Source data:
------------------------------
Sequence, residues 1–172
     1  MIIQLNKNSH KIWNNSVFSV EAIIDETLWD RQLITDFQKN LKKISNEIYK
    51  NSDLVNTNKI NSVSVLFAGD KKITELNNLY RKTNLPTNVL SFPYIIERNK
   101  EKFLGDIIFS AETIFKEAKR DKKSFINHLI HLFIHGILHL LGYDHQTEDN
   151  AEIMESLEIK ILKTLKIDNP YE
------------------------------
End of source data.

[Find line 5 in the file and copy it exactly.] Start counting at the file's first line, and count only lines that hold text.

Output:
   151  AEIMESLEIK ILKTLKIDNP YE